Monique W. Morris: The dynamics here are, indeed, complex. I believe it’s important for us to understand that the negative socioeconomic conditions for black women and girls are related to how race, gender, class, sexual identity, ability, and other identities interact with each other to undermine equal access to opportunity. Professor Kimberlé Crenshaw coined the term “intersectionality,” which captures this idea. Black women and girls must often navigate through a landscape that reinforces multidimensional stereotypes and debilitating narratives that negatively impact how black femininity is understood. Implicit racial and gender biases may also inform how we read the behaviors and actions of black girls and women, and how all of this comes together to guide whether black girls are safe in their communities and whether they have access to quality employment, food, housing, and education.

Anderson: You write that black girls are frequently marginalized and criminalized by institutions that should be safeguarding their well-being. Talk about some of the ways that institutional racism, classism, and sexism overlap to portray black girls as “delinquent,” and in the process impede their hopes and aspirations?

Morris: The book talks about educational institutions as “structures of dominance” that can either reinforce negative outcomes and ghettoize opportunity or actively disrupt conditions that render black girls vulnerable to criminalization. Black girls are 16 percent of girls in schools, but 42 percent of girls receiving corporal punishment, 42 percent of girls expelled with or without educational services, 45 percent of girls with at least one out-of-school suspension, 31 percent of girls referred to law enforcement, and 34 percent of girls arrested on campus. Too often, when people read these statistics, they ask, “What did these girls do?” when often, it’s not about what they did, but rather, the culture of discipline and punishment that leaves little room for error when one is black and female.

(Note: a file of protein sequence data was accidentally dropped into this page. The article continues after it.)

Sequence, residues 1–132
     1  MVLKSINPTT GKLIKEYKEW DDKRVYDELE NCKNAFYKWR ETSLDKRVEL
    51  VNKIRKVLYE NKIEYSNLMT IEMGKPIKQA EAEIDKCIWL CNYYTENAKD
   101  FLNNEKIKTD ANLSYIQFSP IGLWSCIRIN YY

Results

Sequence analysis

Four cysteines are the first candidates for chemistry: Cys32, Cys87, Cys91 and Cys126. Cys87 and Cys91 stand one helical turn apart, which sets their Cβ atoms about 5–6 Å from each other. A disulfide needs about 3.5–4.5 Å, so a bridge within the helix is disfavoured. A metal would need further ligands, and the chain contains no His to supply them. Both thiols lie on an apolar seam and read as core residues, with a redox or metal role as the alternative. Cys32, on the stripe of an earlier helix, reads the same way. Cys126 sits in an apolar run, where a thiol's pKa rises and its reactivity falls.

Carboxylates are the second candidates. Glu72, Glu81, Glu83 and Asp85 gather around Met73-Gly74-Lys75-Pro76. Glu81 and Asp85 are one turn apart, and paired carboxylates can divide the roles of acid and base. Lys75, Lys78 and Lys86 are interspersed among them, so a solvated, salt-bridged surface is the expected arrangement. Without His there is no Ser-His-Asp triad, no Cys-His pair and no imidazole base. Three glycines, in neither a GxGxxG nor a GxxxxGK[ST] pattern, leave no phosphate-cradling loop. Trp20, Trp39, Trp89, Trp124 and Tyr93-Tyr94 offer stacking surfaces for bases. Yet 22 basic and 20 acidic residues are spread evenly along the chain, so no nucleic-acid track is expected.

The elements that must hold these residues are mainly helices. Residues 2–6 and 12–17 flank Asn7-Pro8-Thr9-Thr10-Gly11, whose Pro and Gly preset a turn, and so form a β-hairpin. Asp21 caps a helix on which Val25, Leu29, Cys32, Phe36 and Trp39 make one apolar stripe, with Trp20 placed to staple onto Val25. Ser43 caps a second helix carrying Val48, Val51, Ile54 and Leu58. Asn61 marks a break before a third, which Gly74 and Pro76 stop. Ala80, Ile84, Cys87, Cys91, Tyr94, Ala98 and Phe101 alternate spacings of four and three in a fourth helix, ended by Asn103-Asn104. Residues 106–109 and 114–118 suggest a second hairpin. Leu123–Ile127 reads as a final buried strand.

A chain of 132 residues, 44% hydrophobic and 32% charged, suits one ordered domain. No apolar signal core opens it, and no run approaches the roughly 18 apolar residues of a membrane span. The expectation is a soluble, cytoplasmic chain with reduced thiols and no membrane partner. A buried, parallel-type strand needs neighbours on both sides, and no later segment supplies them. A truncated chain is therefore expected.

Black girls describe being labeled and suspended for being “disruptive” or “defiant” if they ask questions or otherwise engage in activities that adults consider affronts to their authority. Across the country, we see black girls being placed in handcuffs for having tantrums in kindergarten classrooms, thrown out of class for asking questions, sent home from school for arriving in shorts on a hot day, labeled as “truant” if they are being commercially sexually exploited, and labeled as “defiant” if they speak up in the face of what they [identify] to be injustice. We also see black girls criminalized (arrested on campus or referred to law enforcement) instead of engaged as children and teens whose mistakes could be addressed through non-punitive restorative approaches.

For girls, education is a critical protective factor against involvement with the juvenile and criminal legal systems. Our first priority should be keeping them in schools, not finding new ways to render them “delinquent.”

Posted in LAPD | 2 Comments »

DOJ Tackles Profit-Focused Court Practices…the Healing Power of Poetry…the Human Toll of Jail…and More

March 15th, 2016 by Taylor Walker


On Monday, the US Department of Justice announced a package of resources and a new task force aimed at curbing illegal and harmful profit-focused enforcement of court fines and fees that disproportionately affect the poor.

In a letter released Monday, DOJ officials called on state and local court administrators and judges to stop incarcerating indigent defendants for not paying fines, and to eliminate practices that keep people locked up who can’t afford to post bail.

“In addition to being unlawful, to the extent that these practices are geared not toward addressing public safety, but rather toward raising revenue, they can cast doubt on the impartiality of the tribunal and erode trust between local governments and their constituents,” wrote Assistant Attorney General for the Civil Rights Division Vanita Gupta, and Director of the Office for Access to Justice Lisa Foster.

The letter also says safeguards must be set in place to ensure private contractors (like controversial for-profit probation) and court staff don’t violate the constitutional rights of those who come into contact with the justice system.

The DOJ will award $2.5 million in grants to state, local, or tribal jurisdictions and community partners seeking to reform these court system practices.